Friday, November 20, 2009

A Poem by Amy Gerstler

I read some poetry most days. It's good for a writer of prose to contemplate a story told so concisely. In a good poem, the language is vivid and the emotional pay-off is quick and strong.


Dear, I can't subsist on this diet
(really more of a fast—celery
seed and a soft word every other
month) any longer. Is that blood
on your pillowcase or another girl's
lipstick? I want you to know,
I've had such unalloyed joy
over the past several decades,
smelling your hair and petting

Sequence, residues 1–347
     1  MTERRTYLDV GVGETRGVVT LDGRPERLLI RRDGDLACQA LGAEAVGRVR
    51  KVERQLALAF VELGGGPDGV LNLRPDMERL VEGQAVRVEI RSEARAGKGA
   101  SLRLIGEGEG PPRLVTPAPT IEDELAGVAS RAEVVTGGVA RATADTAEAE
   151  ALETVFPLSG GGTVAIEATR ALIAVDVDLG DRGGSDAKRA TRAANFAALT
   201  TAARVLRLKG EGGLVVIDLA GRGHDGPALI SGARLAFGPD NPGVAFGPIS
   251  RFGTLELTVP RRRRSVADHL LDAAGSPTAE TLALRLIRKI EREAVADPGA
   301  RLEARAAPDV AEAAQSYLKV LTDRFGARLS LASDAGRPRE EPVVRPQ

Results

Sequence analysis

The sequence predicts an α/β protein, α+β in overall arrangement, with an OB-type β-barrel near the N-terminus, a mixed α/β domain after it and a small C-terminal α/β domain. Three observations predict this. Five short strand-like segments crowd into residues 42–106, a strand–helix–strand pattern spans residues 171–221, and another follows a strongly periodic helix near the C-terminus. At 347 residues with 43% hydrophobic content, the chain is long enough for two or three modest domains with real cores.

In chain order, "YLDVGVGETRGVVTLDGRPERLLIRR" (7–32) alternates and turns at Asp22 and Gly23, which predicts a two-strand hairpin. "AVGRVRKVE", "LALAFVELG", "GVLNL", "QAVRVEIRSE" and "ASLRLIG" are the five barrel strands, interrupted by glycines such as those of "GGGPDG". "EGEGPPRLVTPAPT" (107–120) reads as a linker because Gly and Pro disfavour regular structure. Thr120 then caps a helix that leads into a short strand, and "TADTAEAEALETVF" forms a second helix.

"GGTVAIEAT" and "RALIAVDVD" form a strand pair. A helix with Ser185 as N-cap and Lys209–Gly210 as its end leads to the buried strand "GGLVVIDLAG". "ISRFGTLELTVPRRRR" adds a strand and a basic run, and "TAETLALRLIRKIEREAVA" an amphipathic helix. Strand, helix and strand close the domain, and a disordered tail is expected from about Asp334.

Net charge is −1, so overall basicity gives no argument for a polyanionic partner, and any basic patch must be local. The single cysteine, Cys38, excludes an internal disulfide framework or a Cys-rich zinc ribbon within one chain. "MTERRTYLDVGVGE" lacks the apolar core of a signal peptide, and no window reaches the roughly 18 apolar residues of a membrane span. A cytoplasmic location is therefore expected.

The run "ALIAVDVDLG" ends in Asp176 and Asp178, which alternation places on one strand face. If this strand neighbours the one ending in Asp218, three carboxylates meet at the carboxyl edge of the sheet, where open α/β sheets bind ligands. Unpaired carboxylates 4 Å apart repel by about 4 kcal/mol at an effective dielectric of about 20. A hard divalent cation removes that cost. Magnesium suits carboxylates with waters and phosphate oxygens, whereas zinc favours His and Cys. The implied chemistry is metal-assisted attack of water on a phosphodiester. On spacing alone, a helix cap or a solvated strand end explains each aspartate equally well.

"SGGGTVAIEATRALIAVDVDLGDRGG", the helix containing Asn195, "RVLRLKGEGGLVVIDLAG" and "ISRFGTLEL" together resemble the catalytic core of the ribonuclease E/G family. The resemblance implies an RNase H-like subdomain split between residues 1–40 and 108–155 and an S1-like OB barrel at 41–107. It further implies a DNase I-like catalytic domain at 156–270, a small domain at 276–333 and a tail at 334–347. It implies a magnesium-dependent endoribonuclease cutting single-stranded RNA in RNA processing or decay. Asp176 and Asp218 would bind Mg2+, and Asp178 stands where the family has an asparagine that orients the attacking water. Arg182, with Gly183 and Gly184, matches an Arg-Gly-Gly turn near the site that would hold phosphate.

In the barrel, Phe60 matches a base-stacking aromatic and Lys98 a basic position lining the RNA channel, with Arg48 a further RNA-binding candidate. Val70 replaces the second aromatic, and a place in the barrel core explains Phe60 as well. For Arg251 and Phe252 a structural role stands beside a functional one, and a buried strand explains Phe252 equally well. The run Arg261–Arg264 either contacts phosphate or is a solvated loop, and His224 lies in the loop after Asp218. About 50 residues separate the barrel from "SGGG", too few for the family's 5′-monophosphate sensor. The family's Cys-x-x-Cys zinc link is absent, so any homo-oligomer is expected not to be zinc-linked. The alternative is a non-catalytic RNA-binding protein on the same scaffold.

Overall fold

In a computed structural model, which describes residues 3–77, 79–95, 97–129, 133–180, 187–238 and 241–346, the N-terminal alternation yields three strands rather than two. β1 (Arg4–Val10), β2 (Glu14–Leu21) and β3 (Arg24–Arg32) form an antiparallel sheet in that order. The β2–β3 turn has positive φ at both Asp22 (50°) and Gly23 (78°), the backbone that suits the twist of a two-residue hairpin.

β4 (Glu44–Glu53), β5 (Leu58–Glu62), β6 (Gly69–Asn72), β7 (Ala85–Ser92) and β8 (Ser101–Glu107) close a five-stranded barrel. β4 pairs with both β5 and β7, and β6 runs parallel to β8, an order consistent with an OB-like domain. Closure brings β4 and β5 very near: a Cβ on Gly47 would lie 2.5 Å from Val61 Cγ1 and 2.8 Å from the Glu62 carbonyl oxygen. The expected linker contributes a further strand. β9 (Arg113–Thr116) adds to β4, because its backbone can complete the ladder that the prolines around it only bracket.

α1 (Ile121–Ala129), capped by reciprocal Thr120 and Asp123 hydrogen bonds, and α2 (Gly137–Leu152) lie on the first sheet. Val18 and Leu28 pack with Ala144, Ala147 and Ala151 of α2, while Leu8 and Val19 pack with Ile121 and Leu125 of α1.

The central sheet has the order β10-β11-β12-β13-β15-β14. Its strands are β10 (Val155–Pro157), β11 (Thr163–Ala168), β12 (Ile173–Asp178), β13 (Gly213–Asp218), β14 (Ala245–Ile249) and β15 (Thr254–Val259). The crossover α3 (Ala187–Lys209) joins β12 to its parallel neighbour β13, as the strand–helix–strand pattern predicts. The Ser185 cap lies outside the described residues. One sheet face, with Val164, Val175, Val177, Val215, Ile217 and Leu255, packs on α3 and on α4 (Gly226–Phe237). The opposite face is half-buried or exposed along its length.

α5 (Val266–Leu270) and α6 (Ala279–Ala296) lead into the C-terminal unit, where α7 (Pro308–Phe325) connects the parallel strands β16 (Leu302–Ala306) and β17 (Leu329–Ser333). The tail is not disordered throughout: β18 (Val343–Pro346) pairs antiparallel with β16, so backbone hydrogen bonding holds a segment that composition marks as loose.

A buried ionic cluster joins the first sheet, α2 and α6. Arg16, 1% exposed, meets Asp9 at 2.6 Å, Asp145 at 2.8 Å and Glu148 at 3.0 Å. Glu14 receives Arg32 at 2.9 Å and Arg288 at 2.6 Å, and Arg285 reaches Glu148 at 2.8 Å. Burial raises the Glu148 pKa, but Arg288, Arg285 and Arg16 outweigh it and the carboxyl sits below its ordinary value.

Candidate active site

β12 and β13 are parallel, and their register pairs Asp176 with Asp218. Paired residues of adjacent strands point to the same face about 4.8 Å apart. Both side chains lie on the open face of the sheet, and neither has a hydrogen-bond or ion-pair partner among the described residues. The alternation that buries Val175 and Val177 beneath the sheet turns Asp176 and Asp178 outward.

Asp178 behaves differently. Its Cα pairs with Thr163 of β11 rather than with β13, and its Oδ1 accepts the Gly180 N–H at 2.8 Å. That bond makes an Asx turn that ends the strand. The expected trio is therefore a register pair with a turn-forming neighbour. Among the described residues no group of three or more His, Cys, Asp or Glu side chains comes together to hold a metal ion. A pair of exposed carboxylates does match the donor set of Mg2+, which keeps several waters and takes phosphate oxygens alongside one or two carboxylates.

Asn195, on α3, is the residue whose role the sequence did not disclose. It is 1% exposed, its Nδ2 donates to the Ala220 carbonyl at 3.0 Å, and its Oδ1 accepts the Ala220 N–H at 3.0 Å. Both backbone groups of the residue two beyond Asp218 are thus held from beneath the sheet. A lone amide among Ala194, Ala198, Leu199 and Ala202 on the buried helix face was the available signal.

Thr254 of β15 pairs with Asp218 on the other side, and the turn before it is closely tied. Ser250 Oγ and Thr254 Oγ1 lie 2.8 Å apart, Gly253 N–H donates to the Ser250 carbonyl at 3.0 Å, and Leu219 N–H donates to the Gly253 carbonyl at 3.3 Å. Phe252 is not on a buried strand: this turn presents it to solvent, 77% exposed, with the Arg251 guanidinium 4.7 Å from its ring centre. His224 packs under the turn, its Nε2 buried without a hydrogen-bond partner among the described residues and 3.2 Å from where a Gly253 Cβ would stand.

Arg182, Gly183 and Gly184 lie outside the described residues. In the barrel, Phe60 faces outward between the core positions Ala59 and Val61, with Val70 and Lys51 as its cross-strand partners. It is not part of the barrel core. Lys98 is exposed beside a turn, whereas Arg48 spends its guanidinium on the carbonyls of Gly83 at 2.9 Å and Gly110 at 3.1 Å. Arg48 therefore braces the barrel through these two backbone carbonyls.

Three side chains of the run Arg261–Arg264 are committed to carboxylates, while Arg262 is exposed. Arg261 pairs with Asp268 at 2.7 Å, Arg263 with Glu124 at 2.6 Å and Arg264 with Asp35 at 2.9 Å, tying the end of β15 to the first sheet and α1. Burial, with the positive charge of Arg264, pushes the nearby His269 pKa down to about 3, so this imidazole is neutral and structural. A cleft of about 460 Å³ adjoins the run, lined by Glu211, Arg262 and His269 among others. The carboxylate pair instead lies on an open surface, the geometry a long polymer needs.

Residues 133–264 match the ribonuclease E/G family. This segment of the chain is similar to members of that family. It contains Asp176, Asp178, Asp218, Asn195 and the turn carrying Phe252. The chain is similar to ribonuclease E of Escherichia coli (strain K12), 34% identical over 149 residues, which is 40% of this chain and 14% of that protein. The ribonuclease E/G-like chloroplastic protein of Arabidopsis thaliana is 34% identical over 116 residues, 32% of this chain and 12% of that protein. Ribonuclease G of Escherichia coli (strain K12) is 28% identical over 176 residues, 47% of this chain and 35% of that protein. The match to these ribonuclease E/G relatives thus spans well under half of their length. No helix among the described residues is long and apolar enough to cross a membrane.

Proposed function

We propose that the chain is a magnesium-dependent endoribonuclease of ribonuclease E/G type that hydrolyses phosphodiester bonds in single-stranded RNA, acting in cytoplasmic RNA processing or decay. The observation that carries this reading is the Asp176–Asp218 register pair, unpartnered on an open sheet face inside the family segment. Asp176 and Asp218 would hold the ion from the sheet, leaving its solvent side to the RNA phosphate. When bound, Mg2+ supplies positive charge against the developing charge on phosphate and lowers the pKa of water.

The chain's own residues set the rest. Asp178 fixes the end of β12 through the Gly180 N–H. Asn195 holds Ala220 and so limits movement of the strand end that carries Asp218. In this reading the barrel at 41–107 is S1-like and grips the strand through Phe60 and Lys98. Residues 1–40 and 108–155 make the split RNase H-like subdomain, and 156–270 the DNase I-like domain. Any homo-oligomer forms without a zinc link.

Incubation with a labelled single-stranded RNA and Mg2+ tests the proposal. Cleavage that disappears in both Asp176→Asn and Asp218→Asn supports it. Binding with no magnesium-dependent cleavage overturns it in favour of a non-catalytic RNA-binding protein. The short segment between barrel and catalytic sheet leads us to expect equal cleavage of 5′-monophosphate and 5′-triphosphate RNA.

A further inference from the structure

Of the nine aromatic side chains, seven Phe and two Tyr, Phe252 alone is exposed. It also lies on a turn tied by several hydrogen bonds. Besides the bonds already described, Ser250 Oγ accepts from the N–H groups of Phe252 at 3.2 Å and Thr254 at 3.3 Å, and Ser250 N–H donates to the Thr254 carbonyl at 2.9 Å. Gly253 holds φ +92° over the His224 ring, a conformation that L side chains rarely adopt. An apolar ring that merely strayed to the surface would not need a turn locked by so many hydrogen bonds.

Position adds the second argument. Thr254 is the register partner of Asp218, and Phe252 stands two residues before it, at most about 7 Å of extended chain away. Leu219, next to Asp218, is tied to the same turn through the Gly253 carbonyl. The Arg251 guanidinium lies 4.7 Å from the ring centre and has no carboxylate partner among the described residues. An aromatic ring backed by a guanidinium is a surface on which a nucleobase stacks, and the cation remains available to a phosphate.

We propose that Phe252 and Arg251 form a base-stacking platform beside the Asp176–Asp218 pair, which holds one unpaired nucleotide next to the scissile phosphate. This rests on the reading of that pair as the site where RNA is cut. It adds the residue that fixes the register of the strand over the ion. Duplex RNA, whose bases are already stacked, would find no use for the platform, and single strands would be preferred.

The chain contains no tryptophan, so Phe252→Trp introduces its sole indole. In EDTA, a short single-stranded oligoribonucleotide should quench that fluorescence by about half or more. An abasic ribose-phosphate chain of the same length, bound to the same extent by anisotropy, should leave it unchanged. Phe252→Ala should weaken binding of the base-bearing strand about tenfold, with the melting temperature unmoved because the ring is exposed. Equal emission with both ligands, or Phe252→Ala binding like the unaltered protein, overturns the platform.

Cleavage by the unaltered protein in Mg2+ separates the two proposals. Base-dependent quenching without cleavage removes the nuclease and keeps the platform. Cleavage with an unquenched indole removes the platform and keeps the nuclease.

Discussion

your sweat-beaded feet while
you were asleep. It was far sweeter
than I ever thought possible.
But my ancestors are welling up
in me now and keep nudging me
toward the door. Bells are rung,
harps are played: recessional music.
We both know the theater will close
in a few minutes. If you had been
more attentive or a better pretender,
I could have run on fumes for a few
more years, sipping snowmelt,
remaining quite high on it. Let
the record show, I recited prayers
for your perpetual ascension
and good health as I laid this note
in its frozen envelope on your desk
and left, taking both dogs, the teal
parakeet, and the black cat with me.
They got custody of our love.

1 comment:

Elizabeth said...

It might as well have been written by you, no?